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If you’ve been diagnosed with depression, and are finding it hard to cope, we’re here for you. As hard as it might seem, there are small steps you can take to help yourself through depression, which are best done in addition to getting help from a mental health professional. These tips can help break the ‘cycle’ of depression, where feeling bad leads you to doing less and feeling worse.

We know it can be tough to do any of these things when you’re depressed, so be easy on yourself. Also, try to remember that different things work for different people. Not everyone loves yoga, and that’s cool. Keep trying, even if the first few things don’t help.

1. Talk to someone

It’s common to withdraw when you’re feeling depressed, but this can make you feel worse. Try to reconnect with friends, but start small: if you’ve been avoiding your friends altogether, a starting point might be to send a text or to reply to one. If you don’t feel like leaving the house, you could ask them to come and hang out with you at home. This might also be a good time to spend more time with your family or other people who you feel super comfortable around.

talk to someone

2. Challenge your thoughts

Just because we think something, it doesn’t mean it’s true, so it can help to learn how to challenge negative thinking.

Writing down your thoughts is a good way to find out those that are making you feel down and depressed, so that you can challenge them. You might find yourself thinking ‘nobody cares about me,’ and can challenge this thought with, ‘my family cares about me.’

If your mood is really low and you have difficulty challenging your thoughts, avoid writing them down on your own and instead seek help from a mental health professional.

3. Practise relaxation

Relaxation is great for reducing stress. Write down a list of things that help you to unwind and keep it handy for when you've got some spare time. It doesn’t matter whether you’re playing with doggos in the park or watching footy reruns - as long as it helps you to chill out and recharge. If you’re stuck for ideas, we’ve got a bunch of ways to chill for cheap here.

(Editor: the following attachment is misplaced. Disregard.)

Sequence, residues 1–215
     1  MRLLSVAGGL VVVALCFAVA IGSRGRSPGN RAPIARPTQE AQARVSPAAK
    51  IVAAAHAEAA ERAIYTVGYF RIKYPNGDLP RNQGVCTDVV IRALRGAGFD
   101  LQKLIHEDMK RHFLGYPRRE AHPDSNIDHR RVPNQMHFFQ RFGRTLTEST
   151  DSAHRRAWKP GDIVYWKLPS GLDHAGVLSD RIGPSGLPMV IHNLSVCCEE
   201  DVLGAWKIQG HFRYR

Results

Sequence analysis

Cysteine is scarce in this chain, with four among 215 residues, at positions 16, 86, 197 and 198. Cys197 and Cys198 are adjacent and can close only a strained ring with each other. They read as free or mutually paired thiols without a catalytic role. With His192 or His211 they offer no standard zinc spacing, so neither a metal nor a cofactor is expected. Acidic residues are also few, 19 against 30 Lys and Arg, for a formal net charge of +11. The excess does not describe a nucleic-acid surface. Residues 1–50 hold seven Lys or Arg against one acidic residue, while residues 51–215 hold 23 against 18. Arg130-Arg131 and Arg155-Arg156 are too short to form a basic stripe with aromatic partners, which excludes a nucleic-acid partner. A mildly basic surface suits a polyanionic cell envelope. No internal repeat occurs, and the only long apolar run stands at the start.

relaxing frog

4. Take some time out to do things you enjoy

When you’re depressed, it can be hard to get motivated to do the things you like to do. It can also feel impossible to experience enjoyment. Even so, each day, try to make yourself do one thing you used to enjoy doing, as it can help give you a sense of achievement. The activity could be super simple, like reading 10 pages of a book, going for a short walk or watching your fave TV show.

5. Look after yourself

It can be frustrating when people constantly tell you to exercise when you’re depressed. But, we do know exercise can make a difference to your energy levels and help boost hormones that help you feel better about yourself. It doesn’t matter what you choose to do, as long as it gets you moving. You could take a stroll down to the shops, do some bedroom yoga, ride your bike to the park or start a mini mosh pit in your lounge room.

dogs running

Looking after yourself isn’t just about what you do when you’re awake, your sleep pattern can also have a huge impact on your health. Check out these tips for catching more zeds.

 It’s also a good idea to keep an eye on whether you're using booze or drugs to cope with depression, as this can make you feel worse. The main thing is to try to be as kind as possible to your mind and body, so you can start feeling a bit better.

What to do if these tips aren’t working

If you’ve tried the strategies above but your symptoms are still overwhelming, go and see your GP or a mental health professional. Your GP will have suggestions for alternative things you can try to help manage your depression from day to day, and will be able to assess if you need medication or further help. Treatments such as cognitive behavioural therapy, medication and having a good relationship with a GP, psychologist and/or psychiatrist, can be effective in treating depression and improving mood.

What can I do now?